We’re all guilty of splashing the cash from time-to-time, and being able to shop online has made doing so even more tempting. At Uswitch.com, we’ve sought to discover the changing online spending habits of the British public.
There is no denying that Brits love to shop, and online shopping has revolutionised the way we spend our money. In fact, Brits spend three times more when online shopping compared to the global average, with the average person spending a staggering £1,382 per year!
To obtain a clear view of British shopping habits, we surveyed 4,380 people who regularly shop online. We were interested in where they shop, when they shop, the social media platforms influencing their habits, and how their habits have changed now that the high street is rapidly declining. We analysed the responses to find a clear bias for shopping styles and consumer trends.
With so many websites saving your payment information and the ease of using smartphone payment apps like Apple Pay or PayPal, it’s becoming quicker and easier for Brits to spend online in an instant. But is there a correlation between where we shop and spend our money the most?
Our study found that the general public snaps up most of their bargains from the comfort of their own bed. Instead of sleeping, more than half (57%) of Brits lay in bed scrolling and adding items to their basket, before clicking checkout.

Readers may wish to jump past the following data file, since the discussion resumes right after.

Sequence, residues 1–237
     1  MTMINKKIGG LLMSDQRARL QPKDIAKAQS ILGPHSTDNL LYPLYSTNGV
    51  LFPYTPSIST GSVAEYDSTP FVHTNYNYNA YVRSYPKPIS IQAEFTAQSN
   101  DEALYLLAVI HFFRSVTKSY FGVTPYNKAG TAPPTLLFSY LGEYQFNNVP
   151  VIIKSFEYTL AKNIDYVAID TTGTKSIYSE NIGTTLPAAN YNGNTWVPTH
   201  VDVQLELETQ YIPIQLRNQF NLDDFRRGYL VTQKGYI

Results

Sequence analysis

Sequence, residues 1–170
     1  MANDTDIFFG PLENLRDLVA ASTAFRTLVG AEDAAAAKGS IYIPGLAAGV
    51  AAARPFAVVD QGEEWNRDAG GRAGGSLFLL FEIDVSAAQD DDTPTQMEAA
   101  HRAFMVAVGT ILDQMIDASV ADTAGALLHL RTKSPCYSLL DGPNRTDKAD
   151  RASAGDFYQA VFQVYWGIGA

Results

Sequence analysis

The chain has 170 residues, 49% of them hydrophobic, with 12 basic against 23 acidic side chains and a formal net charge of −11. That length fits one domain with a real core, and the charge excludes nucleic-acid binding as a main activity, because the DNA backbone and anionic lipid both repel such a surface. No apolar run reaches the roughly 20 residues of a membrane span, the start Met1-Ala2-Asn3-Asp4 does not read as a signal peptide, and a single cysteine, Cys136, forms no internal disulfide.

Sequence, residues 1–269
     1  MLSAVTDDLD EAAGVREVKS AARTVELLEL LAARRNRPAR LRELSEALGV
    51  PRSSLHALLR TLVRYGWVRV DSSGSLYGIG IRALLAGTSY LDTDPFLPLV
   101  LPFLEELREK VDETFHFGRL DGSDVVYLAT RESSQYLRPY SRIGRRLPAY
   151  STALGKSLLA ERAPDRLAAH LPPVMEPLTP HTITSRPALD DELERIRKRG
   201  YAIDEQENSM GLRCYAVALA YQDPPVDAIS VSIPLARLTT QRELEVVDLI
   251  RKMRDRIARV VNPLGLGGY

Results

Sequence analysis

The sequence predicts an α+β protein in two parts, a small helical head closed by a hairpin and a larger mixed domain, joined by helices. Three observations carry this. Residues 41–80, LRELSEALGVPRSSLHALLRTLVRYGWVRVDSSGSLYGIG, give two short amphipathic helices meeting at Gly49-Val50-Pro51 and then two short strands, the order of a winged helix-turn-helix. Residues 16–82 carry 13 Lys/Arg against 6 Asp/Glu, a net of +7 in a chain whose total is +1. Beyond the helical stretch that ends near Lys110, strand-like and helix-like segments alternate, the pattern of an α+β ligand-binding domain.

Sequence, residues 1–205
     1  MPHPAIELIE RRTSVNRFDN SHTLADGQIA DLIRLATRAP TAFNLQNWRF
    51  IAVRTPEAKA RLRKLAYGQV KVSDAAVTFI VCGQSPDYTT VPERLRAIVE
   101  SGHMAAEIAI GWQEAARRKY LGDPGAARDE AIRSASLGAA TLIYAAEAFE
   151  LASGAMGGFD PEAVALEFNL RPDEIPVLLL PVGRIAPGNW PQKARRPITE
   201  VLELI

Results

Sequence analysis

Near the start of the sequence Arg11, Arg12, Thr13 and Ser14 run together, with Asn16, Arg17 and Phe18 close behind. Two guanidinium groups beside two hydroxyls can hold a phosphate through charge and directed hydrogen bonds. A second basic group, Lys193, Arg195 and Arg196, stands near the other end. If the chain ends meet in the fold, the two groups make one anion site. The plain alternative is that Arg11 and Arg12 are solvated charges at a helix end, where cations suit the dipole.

Four in 10 (41%) ditch the ‘work’ part of working from home and use their office hours to do a spot of online shopping, whilst 39% prefer to recline on the sofa in their lounge and spend their money.
Shockingly, 2% of respondents said they most frequently shop online whilst driving – as a passenger one would hope!
The strangest place those surveyed had ever made an online purchase is on the toilet, with six in 10 (60%) Brits claiming they have gone on a spending spree whilst doing their business. A further 16% of Brits surveyed admitted to completing a purchase whilst masturbating, too.
Although uncommon, our survey revealed that 3% of respondents have made a purchase whilst in the shower, 9% have done so while working out at the gym, and 2% have even confessed to browsing online whilst having sex!
To investigate when people are most likely to buy online, we asked respondents “when in the month do you make the most purchases?”. From this, we could identify the most popular time of the month Brits spend their hard-earned cash.
Our results show that there is a clear correlation between when we shop and payday. On average, spending is most common between the 1st and 5th of the month, as just under two-thirds (63%) of Brits admit that this is when they make the most purchases.
Almost 2 in 10 (17%) are guilty of splashing the cash mid-month, however, it seems Brits avoid online shopping from the 21st onwards, as only 1% make the most purchases during this period.
Our survey found that remorse starts to set in as we get further away from payday, with eight in 10 (79%) Brits admitting that they often regret their spending habits and impulse buys by the end of the month, with many being left cash-strapped and longing for payday.